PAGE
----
Remember the flawed analysis of infection rates back when researchers didn’t consider the false positive rate of covid tests? I do. Here’s one of my tweet threads about it. Consequences are going to be greater when it comes to analyzing vaccine safety data. 19/
I’m sure we’ll see advanced guidance on proper real-world analysis in credible journals. & when vaccine safety news comes out, we all (especially media) should first look to data-driven people w/ integrity: @DrWoodcockFDA, Moncef Slaoui, @EricTopol, Dr Fauci @NIAIDNews et al. /20

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More from @PeterKolchinsky

25 Oct
What would you change US stock market hours to if you could & why? (long on thoughtfulness please, funny is an option, keep puns short)
Here’s another thought. How about introducing newly public companies to market by starting with short trading hours, 3 days a week & then opening up to standard hours after 1-2 years?
What would be ideal public exchange hours from the standpoint of emerging biotech companies (consider their needs) and the funds that provide most of their backing?
Read 5 tweets
16 Oct
Delays in FDA approval of a vaccine probably won’t change when most of us get a vaccine. PFE says it might be able to seek approval by end of Nov, so Dec approval possible. But will only have 100M doses ready by YE (50M courses). So unless you have... nytimes.com/2020/10/16/hea…
So unless you have reason to think you would be among the 50M first up to get vaccinated, what will determine when you get vaccinated is the pace of production. & for most of us, our ticket likely won’t be called until 2Q21. So approval delays of 1-2 months won’t change that.
You might even prefer that the vaccines be vetted more carefully. Of course, the people who would be impacted by delays are those slated to get the first doses. Front-line workers, vulnerable. They too might prefer to know the vaccines are safe and effective.
Read 6 tweets
29 Sep
It seems @icer_review’s heart is showing a little in today’s report on essential compassion & fairness of proper insurance w/ low OOP costs for medicines. But they still have a lingering attachment to math that’s been rightly criticized as racist... icer-review.org/wp-content/upl… 1/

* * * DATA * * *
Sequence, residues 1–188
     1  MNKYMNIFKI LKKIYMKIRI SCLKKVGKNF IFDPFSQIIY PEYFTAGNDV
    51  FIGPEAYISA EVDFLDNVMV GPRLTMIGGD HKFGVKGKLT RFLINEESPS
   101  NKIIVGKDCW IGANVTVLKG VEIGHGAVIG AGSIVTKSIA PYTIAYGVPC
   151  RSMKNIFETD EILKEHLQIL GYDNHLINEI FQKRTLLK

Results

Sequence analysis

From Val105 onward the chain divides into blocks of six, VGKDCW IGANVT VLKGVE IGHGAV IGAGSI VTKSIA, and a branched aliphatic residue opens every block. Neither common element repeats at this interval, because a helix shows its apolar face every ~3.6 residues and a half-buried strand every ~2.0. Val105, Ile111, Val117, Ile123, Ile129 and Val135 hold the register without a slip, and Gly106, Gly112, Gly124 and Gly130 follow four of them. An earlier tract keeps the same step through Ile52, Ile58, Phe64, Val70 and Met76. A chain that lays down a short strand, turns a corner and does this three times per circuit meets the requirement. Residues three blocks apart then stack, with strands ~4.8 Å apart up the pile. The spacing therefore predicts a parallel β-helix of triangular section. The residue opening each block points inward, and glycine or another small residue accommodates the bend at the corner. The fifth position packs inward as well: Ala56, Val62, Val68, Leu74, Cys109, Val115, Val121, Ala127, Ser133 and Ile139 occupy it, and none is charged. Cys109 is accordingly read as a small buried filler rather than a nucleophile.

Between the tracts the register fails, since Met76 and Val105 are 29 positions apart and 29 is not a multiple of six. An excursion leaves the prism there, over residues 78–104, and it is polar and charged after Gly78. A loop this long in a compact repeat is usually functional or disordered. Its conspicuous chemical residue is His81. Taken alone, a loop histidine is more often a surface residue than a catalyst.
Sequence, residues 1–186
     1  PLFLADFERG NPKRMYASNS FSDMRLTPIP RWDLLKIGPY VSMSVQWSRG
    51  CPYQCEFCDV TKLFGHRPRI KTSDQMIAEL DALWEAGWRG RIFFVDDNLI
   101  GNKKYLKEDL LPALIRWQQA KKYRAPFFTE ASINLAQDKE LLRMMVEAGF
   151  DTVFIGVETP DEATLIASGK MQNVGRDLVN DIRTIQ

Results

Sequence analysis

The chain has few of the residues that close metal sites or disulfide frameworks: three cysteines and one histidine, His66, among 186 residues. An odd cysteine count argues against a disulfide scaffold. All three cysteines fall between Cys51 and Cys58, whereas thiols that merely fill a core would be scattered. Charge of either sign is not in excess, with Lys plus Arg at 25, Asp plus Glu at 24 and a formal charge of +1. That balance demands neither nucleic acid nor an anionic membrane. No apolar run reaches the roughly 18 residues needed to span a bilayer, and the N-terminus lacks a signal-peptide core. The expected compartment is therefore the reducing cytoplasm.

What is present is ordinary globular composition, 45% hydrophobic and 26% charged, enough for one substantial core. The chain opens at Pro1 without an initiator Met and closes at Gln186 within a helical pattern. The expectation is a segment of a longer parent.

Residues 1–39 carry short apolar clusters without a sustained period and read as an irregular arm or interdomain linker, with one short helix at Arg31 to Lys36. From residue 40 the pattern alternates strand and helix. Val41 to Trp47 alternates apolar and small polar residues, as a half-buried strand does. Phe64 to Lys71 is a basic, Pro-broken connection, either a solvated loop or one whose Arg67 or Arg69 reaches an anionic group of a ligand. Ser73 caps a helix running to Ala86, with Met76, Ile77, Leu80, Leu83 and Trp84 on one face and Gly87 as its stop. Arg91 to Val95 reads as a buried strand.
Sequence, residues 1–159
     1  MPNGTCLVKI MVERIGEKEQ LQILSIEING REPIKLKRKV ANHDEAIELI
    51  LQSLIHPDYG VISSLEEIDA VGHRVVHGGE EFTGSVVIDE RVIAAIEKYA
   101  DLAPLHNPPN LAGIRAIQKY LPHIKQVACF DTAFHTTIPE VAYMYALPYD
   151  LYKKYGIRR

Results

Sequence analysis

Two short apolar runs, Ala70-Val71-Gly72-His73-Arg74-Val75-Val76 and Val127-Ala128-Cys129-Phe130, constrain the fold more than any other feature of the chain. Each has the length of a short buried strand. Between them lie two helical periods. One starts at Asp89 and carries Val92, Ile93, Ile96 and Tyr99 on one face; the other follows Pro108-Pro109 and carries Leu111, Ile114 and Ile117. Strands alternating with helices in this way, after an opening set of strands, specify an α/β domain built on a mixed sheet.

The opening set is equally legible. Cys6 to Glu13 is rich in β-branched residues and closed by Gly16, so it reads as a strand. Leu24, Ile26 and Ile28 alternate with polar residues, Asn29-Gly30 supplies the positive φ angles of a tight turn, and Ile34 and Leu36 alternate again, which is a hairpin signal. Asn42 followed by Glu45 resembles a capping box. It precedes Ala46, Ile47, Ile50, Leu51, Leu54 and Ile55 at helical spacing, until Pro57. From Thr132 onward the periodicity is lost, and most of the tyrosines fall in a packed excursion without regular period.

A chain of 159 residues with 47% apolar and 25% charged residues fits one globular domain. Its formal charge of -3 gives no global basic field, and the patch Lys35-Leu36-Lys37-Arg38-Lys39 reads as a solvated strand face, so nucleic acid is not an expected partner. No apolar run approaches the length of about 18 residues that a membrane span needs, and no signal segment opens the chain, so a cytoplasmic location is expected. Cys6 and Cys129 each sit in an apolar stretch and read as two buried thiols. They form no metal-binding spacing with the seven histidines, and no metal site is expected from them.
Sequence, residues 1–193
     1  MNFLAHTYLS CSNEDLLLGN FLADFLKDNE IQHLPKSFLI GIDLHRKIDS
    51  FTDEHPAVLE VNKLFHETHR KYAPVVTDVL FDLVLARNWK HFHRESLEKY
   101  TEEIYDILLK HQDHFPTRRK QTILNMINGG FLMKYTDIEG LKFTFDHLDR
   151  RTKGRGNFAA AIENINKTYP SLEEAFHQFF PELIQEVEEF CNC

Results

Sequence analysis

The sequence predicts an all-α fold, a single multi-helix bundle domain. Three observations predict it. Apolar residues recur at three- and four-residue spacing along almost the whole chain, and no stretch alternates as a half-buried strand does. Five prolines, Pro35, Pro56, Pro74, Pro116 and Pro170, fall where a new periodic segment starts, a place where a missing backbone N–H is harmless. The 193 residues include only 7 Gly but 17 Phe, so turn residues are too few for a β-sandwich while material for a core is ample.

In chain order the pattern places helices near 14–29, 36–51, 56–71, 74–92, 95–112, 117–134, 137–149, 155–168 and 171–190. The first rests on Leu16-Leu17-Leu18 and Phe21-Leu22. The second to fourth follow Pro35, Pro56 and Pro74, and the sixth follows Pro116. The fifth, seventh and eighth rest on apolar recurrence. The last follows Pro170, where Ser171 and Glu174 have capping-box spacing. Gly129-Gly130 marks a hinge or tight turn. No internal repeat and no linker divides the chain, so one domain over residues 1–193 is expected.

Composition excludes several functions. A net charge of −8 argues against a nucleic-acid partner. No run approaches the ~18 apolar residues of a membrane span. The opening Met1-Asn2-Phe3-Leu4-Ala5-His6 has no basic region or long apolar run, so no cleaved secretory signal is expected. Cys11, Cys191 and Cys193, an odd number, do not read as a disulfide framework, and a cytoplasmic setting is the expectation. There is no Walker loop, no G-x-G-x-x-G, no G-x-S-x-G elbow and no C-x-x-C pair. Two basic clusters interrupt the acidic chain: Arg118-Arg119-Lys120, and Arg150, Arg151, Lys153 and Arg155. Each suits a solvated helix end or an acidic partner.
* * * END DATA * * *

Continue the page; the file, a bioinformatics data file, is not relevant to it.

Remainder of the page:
...by patient advocate @SuePeschin in this short, incisive piece. morningconsult.com/opinions/cost-… I wonder if it’s a bit uncomfortable for policymakers ICER claims to have influenced w/ its math. After all, #badmathkills 2/
.@icer_review says if medicines for kids w/ sickle cell disease don’t make the cut according to their math (which @SuePeschin has pointed out is deeply flawed), insurance should make those meds unaffordable to them (w/ high OOP costs) as leverage over drug companies. Harsh.
Read 9 tweets
30 Aug
No viruses in this one but it’s still fun. In the spirit of the enemy of my enemy, there was once a time when MALARIA was a dangerous friend worth having in the fight against a deadlier pathogen: SYPHILIS. Like Godzilla vs Mothra, doctors would infect patients dying... Image
...from syphilis w/ malaria to cause them to spike a raging fever. Syphilis is a really nasty bacteria that for millennia was considered incurable, though patients could recover if their had a high enough fever... esp on Saturdays. Image
Malaria was hardly a walk in the park & one might not consider trading malaria for syphilis to be medically ethical, except that there was a drug, quinine, for malaria. So idea was to cure syphilis w/ malaria & cure malaria w/ quinine. Fun fact: quinine glows in black light: Image
Read 8 tweets
28 Aug
With each new drug, patients w/ lung cancer live longer. If first one hadn’t been rewarded, all rest wouldn’t have followed. Only insurance makes all affordable. Eventually they go generic; society saves money & humanity forever enjoys longer life span. Biotech Social Contract! Image
Flagging here for a few thought leaders in or soon to be Washington as they consider how healthcare should work. @Tcardenas @ngoroff @StefFeldman @JoeBiden
Here’s the whole paper, from folks at FDA, who are fortunate to see the totality of the constant effort to push back against the threat of disease that weighs upon us all. ascopubs.org/doi/full/10.12…
Read 4 tweets
26 Aug
For RA Capital’s next Business of Biotech course, I could use some advice. Do students learn as effectively listening to an audiobook as when they read the actual book? If you’ve taught and grappled with this, please add your comments.
I’m thrilled that thegreatamericandrugdeal.com is available as an Audiobook, though I’m wondering whether old school is better for teaching.
Internet is filled with advice. Here’s a thoughtful piece. But lately I’ve been getting all my peer-reviewed scientific analysis from twitter so figured I would come back for more. psychologytoday.com/us/blog/friend…
Read 4 tweets